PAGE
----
Binge Drinking: Just the Facts

  1. Consumption of five or more drinks on a single occasion
    The amount of alcohol needed to raise the average person’s blood alcohol concentration to about 0.1%
  2. Amount of alcohol consumption that would raise the level of intoxication

Tailgates, houses, post prom parties, pre-parties, frat houses, bars, supervised parties, dorm rooms, bedrooms…binge drinking has and continues to happen in these places. Scary fact is this list is merely the tip of the iceberg. Binge drinking is more prevalent today among high school students and college-age young adults than ever before. Blame it on some stigma portraying the honorable ability of out drinking another person. Blame it on younger children drinking. Place fault where you please; the bottom line is that it’s out there.

Up Close and Personal

”He looked really bad, and even though they didn’t want me to take him in, I knew I had to.“ Trent stepped up and demanded that his overly intoxicated friend needed to go to the hospital. His buddy was thirty minutes away from death. The weapon, alcohol.

”The worst part wasn’t knowing that I almost died, it was when I came to. There sat my dad…crying. He just walked out of the room, unable to even speak to me,“ Nikki recalls from her freshman year of college after coming out of a three-day binge-drinking induced coma.


What’s binge drinking called on the street?

  • Power hour
  • Keg stand
  • 21 shots before bar close
  • Double fisting
  • Beer bong
  • Shotgun
  • Waterfall
  • Speed

The Consequences

Alcohol poisoning—a severe and potentially fatal physical reaction to an alcohol overdose—is the most serious consequence of binge drinking. When excessive amounts of alcohol are consumed, the brain is deprived of oxygen. The struggle to deal with an overdose of alcohol and lack of oxygen will eventually cause the brain to shut down the voluntary functions that regulate breathing and heart rate.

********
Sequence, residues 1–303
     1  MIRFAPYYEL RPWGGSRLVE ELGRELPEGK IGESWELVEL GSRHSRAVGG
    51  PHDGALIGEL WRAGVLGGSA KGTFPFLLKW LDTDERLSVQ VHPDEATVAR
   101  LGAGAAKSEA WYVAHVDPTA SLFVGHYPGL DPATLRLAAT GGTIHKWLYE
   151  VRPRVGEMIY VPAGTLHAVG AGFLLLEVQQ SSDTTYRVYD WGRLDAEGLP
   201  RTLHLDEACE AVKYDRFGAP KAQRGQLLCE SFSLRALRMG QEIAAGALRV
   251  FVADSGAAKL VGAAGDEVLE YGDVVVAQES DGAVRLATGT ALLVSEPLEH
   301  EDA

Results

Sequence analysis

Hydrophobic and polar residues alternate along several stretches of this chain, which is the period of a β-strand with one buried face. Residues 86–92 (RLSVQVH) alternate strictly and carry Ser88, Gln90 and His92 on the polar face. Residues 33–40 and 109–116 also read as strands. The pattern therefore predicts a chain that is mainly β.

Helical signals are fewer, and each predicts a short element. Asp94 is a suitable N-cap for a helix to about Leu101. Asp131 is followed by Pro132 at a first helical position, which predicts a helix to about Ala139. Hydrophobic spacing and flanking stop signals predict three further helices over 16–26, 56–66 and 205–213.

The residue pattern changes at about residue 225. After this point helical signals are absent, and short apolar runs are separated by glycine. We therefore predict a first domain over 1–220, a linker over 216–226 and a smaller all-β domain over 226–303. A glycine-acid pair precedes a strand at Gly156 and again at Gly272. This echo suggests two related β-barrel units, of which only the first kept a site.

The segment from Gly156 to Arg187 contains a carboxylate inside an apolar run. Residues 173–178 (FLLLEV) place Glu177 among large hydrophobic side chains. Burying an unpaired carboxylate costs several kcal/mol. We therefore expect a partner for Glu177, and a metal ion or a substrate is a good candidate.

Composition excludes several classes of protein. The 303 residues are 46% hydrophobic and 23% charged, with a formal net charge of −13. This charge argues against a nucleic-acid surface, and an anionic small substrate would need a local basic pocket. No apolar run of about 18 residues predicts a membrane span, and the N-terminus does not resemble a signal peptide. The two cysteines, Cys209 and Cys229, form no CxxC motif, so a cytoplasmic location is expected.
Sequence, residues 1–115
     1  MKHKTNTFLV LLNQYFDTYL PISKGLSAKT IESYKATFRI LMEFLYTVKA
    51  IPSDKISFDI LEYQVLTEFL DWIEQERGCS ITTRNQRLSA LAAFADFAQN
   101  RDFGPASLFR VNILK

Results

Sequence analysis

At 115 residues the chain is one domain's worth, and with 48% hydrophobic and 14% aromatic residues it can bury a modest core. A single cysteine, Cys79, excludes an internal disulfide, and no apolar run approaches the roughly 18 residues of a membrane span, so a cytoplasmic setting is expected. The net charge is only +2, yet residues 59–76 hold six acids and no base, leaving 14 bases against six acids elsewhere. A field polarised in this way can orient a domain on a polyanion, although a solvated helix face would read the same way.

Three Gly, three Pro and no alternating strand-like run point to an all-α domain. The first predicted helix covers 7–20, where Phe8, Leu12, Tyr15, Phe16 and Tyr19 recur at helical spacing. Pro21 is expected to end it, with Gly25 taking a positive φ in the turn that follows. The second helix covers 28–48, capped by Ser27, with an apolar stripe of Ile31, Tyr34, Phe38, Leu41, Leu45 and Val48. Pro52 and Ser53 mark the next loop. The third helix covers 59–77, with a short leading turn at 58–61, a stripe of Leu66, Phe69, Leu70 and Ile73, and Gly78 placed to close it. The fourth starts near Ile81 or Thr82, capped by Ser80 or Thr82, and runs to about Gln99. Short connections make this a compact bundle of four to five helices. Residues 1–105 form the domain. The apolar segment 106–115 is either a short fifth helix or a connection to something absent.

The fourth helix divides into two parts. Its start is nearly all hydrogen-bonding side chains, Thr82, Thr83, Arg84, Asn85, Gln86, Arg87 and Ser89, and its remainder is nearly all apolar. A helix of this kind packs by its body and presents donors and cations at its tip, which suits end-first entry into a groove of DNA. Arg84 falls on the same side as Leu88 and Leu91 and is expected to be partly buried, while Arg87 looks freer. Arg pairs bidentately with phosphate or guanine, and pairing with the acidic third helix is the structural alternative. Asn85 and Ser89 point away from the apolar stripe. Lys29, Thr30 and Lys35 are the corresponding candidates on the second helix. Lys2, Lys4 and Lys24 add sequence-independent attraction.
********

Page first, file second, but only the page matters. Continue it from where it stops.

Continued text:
If a person is known to have consumed large quantities of alcohol in a short period of time, symptoms of alcohol poisoning include:

  • Vomiting
  • Unconsciousness
  • Cold, clammy, pale, or bluish skin
  • Slow or irregular breathing

Secondary Effects

In schools with high binge drinking rates…

  • 34 percent of non-binge drinkers reported being insulted or humiliated by binge drinkers
  • 13 percent reported being pushed, hit, or assaulted
  • 54 percent reported having to take care of a drunken student
  • 68 percent were interrupted while studying at night
  • 26 percent of women experienced an unwanted sexual advance

More facts

  • Binge drinking, often beginning around age 13, tends to increase during adolescence, peak in young adulthood (ages 18 to 22), then gradually decrease.
  • Binge drinking during the past 30 days was reported by 8 percent of youth ages 12 to 17 and 30 percent of those ages 18 to 20.
  • Among persons under the legal drinking age, 15 percent were binge drinkers
  • About 10.4 million adolescents ages 12 to 20 reported using alcohol. Of those, 5.1 million were binge drinkers, of which 2.3 million were heavy drinkers that binged at least five times a month.